Emergency workers scanned people for radiation in March.
Two months after an earthquake-caused tsunami caused the worst nuclear disaster since Chernobyl in 1986, Tokyo Electric Power Co. officials
that the situation in one of the four affected reactors is worse than previously claimed. The fuel rods that powered the No. 1 reactor at the Fukushima Daiichi nuclear plant are fully exposed and have melted or fallen into the bottom of the steel containment vessel. That vessel is now believed to be far more damaged than previously admitted by TEPCO. In fact, it contains several holes through which water being poured onto the reactor is leaking into the environment. (Link includes a graphic of the situation from Daily Yomiuri
TEPCO learned about the water level of the pressure vessel after workers who entered the reactor building beginning Tuesday adjusted a water-level gauge. Previously, the reading of the water level had remained almost unchanged at about 1.6 meters below the top of fuel rods since immediately after the outbreak of the crisis at the plant following the March 11 earthquake and tsunami.
After adjusting the gauge, workers found the actual water level was more than 5 meters below the top of the fuel rods. As the fuel rods are about 4 meters long, they are considered to have been fully exposed above the cooling water, TEPCO said. ...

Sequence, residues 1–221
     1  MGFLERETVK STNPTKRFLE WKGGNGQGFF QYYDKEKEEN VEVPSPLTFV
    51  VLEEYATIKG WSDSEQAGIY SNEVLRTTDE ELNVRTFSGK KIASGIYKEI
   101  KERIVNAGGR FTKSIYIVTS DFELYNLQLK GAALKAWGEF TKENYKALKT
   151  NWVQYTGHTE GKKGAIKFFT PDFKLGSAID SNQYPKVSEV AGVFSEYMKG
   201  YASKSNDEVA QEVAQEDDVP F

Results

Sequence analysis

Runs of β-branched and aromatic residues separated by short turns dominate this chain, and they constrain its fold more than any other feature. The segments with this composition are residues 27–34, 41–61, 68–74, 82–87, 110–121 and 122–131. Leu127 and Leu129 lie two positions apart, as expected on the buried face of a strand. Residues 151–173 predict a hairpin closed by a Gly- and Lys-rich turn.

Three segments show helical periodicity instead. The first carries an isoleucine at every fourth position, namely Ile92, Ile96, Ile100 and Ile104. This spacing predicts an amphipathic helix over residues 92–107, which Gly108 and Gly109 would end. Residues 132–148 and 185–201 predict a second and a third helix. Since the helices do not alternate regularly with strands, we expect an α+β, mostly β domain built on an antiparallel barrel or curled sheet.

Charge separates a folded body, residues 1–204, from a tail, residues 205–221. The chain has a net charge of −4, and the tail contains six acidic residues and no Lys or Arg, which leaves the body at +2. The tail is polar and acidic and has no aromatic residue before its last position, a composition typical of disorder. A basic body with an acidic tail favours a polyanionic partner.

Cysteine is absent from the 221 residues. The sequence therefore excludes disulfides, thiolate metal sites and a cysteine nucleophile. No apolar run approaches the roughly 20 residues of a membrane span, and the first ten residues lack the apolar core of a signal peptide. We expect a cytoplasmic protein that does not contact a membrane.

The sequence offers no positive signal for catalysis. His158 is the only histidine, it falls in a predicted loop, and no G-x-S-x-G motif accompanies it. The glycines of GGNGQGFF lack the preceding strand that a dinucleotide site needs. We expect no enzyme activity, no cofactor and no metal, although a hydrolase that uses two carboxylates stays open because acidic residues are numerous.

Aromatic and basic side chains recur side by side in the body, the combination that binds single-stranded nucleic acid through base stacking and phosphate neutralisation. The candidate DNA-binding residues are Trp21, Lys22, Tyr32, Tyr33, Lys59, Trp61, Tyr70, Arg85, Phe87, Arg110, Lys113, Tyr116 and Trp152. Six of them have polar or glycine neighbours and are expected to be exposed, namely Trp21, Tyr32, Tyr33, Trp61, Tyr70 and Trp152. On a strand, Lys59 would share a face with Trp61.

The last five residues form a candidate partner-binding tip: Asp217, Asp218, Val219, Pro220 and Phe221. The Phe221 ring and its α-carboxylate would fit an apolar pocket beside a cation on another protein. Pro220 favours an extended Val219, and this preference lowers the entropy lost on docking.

At the bottom of the steel pressure vessel, which is 16 centimeters thick, the water level is believed to stand at a maximum of only about 4 meters, TEPCO said. The company believes that most of the 190 tons of water injected every day is leaking from the pressure vessel, which is likely to be damaged more seriously than previously thought.
Krista Mahr notes:
The new information about water levels in Unit 1, obtained after workers were able to enter the Unit 1 reactor building and adjust water gauges, now has officials worried that water level readings at Units 2 and 3 may also be wrong. It also throws a wrench in TEPCO's sunny plan of having the crisis at the plant sewn up before the end of the year. And once the utility does achieve cold shutdown in all six reactors, it will face the problem of what to do with the damaged and unstable fuel rods. Whether the company will be able to remove the badly damaged fuel rods from the pressure vessel structures into storage pools, or have to neutralize the rods in situ by pouring cement into the structure, remains to be seen.
Meanwhile, a bailout of Tepco that Japan's Cabinet insists is not a bailout was announced Friday. If the plan is approved by the Japanese parliament, taxpayer funds for compensating victims of radiation will most certainly reach tens of billions of dollars. Bank shares fell sharply after Chief Cabinet Secretary Yukio Edano told reporters that public funds would not be provided until TEPCO's lenders waived more of the financially devastated corporation's debts.
The government also announced Friday that it will begin slaughtering starving livestock inside the 12-mile Fukushima evacuation zone because it is logistically too difficult to feed them. Hundreds of cattle and pigs are still believed to be alive in the zone. Tens of thousands of former residents of the no-go zone have not been told when they might be allowed to return to their homes.
But U.S. nuclear power plants are safe, government regulators said in a hearing in Washington Thursday. Thank goodness. It's a great relief to hear it can't happen here since nuclear power plant operators are not required to prepare for the kind of disaster that struck Fukushima.